Sie sind auf Seite 1von 27

The Respiratory

System
Rachel S. Natividad, RN, MSN, NP
N212 Medical Surgical Nursing 1

Structure and Function

Gas exchange

Changes associated to Aging

recoil and compliance


AP diameter

functional alveoli

in Pa02

Respiratory defense mechanisms


less effective

Altered respiratory controls


More gradual response to
changes in O2 and Co2 levels
in blood

Diagnostics

Pulse Oximetry

Chest X-Ray

Computed Tomography
(CT scan)

Bronchoscopy

Thoracentesis

Pulmonary Function
Tests

Sputum Specimen and


Cultures

Diagnostics: Pulse Oximetry

Measures arterial oxygen


saturation

Pulse oximetry probe on


forehead, ears, nose, finger,
toes,

False readings

Intermittent or continuous
monitoring

Ideal values: 95-100%

When to Notify MD

< 91%
86% (Medical Emergency)

Diagnostics: Chest X-Ray

Screen, diagnose,
evaluate treatment

Instructions: No
metals/jewelry

Diagnostics: Chest X-Ray Cont.


Nodule

Infiltrates

Posterior Anterior View

Left Lateral View

Diagnostics: Sputum Specimen


To diagnose; evaluate treatment
Specimen: ID organisms or abnormal
cells

Culture & Sensitivity (C&S)


Cytology
Gram stains

(e.g. Acid Fast Bacilli)

Diagnostics: Computed
Tomography: CT Scan

Images in crosssection view

Uses contrast
agents

Instructions:

Right upper Lobe

Diagnostics: Bronchoscopy

Diagnose problems and assess


changes in bronchi/bronchioles

Performed to remove foreign


body, secretions, or to obtain
specimens of tissue or mucus for
further study

Procedure Care/Instructions:
NPO 6 -8 hrs prior
Sedation during procedure
Post Procedure:
HOB elevated
Observe for hemorrhage
NPO until gag reflex returns

Diagnostics: Pulmonary
Function Test (PFTs)

Evaluate lung function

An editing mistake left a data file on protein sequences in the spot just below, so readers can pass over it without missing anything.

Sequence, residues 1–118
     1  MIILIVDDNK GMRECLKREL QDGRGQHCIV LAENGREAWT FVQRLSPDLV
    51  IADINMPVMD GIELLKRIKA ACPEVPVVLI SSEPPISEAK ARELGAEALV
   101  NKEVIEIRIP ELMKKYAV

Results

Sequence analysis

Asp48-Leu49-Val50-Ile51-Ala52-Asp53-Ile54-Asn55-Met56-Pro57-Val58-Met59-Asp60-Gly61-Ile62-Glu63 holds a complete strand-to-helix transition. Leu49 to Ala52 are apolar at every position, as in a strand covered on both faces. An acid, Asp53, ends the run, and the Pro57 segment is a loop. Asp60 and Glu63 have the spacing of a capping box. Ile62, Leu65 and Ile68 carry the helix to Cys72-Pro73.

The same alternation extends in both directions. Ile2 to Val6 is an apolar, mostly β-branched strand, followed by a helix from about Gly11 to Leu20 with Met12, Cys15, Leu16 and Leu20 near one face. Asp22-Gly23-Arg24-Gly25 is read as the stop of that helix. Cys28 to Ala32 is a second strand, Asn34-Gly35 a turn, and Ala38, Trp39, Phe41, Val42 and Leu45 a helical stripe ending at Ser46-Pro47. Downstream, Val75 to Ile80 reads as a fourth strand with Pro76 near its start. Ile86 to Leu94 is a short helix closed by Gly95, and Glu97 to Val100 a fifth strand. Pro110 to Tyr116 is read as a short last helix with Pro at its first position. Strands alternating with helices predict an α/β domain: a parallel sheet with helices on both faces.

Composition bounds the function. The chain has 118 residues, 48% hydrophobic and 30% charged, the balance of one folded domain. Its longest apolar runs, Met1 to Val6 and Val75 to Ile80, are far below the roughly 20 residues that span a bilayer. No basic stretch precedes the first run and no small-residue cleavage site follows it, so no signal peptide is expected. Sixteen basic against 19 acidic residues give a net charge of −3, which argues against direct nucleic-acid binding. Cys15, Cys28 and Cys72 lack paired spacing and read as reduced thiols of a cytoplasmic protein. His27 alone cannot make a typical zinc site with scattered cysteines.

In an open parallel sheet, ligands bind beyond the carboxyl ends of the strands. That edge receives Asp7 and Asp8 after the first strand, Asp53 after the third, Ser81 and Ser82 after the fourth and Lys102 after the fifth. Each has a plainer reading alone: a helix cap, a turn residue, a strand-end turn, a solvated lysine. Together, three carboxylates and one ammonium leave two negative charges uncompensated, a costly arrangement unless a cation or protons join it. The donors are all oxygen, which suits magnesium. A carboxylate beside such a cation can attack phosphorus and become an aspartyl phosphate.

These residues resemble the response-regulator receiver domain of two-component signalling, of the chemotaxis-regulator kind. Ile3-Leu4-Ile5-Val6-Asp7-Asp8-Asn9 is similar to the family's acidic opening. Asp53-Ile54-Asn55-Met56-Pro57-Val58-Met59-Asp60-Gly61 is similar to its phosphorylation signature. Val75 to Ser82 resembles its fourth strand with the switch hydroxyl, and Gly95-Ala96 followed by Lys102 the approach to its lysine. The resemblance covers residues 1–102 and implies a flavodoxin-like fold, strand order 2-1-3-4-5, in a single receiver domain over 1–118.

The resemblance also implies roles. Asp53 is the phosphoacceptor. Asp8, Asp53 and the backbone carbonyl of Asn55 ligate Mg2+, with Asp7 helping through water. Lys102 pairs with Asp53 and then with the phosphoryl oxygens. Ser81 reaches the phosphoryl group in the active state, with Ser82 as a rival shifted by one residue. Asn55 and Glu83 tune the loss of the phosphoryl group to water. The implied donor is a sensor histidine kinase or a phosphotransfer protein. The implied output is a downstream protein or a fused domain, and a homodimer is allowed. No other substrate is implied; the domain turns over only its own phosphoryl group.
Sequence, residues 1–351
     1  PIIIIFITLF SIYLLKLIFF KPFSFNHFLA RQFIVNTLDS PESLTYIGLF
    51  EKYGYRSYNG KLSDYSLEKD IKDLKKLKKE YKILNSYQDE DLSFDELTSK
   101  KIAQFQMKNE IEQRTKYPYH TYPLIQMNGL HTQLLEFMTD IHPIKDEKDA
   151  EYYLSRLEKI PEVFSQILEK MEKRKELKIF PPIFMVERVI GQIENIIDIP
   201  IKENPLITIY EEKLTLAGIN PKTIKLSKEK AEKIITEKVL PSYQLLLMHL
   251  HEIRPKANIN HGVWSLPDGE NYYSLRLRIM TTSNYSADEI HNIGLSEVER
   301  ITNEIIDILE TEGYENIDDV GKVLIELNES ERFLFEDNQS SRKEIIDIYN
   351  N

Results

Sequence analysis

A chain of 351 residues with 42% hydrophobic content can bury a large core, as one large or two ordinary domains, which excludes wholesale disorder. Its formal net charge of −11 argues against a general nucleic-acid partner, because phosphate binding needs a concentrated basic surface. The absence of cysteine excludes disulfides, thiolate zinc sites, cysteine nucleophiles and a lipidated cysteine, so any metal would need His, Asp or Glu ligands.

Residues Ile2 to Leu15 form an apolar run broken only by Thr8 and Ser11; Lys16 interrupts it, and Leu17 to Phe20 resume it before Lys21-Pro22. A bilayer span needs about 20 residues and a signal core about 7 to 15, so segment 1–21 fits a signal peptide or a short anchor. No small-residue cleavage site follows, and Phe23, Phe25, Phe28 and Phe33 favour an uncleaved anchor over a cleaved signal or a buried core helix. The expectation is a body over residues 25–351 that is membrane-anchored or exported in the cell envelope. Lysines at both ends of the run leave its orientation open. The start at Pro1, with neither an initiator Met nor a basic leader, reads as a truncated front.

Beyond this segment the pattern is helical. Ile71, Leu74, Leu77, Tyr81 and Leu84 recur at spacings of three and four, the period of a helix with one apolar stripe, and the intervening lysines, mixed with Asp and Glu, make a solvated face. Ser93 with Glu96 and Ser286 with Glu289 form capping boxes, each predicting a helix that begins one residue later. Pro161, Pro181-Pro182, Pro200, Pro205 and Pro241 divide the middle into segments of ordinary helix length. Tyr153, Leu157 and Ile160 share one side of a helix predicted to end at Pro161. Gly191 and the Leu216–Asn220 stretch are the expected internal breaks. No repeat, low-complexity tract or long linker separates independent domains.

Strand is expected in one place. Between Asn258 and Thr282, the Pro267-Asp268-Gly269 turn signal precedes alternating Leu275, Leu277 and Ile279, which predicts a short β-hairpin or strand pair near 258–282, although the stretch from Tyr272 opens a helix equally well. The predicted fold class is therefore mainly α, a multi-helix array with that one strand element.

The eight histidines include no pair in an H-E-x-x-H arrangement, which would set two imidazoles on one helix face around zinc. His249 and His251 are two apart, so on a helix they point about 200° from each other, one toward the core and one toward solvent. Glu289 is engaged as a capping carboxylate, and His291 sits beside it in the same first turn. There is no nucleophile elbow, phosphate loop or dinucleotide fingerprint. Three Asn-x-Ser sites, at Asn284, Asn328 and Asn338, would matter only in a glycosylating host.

Observe for increased


dyspnea or
bronchospasm

Instructions:
No bronchodilators 6
hours prior

Diagnostics: Thoracentesis

Specimen from
pleural fluid

Treat pleural
effusion

Assess for
complications

Post-Procedure care:
CXR after procedure

Positions
Sitting on side of bed over bedside table
chest
elevated
Lying on affected side
Straddling a chair

Assessment: Cues to
Respiratory Problems
Dyspnea
Cough
Sputum

Pneumonia: Case Study


Pathophysiology

Pneumonia: Pathophysiology Cont.

Pneumonia: Etiology

Cause

bacteria (75%)
viruses
fungi
Mycoplasma
Parasites
chemicals

Pneumonia: Classifications

Community-acquired pneumonia (CAP)

Onset in community or during 1st 2 days of hospitalization


(Strep. pneumoniae most common)

Hospital-acquired Pneumonia(HAP/nosocomial)

Occurring 48 hrs or longer after hospitalization

Aspiration pneumonia

Pneumonia caused by opportunistic organisms

Pneumocystis Carinii

Pneumonia: Risk Factors

CAP
Older adult
Chronic/coexisting
condition
Recent history or
exposure to viral or
influenza infections
History of tobacco or
alcohol use

HAP
Older adult
Chronic lung disease
ALOC
Aspiration
ET, Trach, NG / GT
Immunocompromised
Mechanical ventilation

Pneumonia: Clinical
Manifestations

Fevers, chills, anorexia


Pleuritic chest pain
SOB
Crackles/wheezes
Cough, sputum production
Tachypnea

Pneumonia: Clinical
Manifestations-Cont.
Mycoplasma (Atypical)
feeling tired or weak,
headaches, sore throat,
or diarrhea.

Eventually, most develop


a dry cough. They can,
also, develop fever, chills,
earaches, chest pain

walking pneumonia

Pneumonia: Diagnosis

Diagnosis
Physical exam
crackles,
rhonchi/wheezes

CXR area of increased


density
(infiltrates/ consolidation)

Sputum specimen

Gram stain

LUL Infiltrates

Pneumonia :Interventions/Tx

Treatment
Antibiotics choose based on age,
suspected cause & immune status

Supportive care IV fluids, supplemental


oxygen therapy, respiratory monitoring, cough
enhancement

*may take 6-8 weeks for CXR to normalize

Nursing Diagnoses

Impaired gas exchange R/T


Pneumonia

Pain R/T infection in lung


Pneumonia

Pneumonia: Complications
Hypoxemia
Pleural effusion

Atelectasis

Pleurisy

Atelectasis
Pleurisy
Pleural Effusion

Toxic sprinkles anyone?

Any Questions?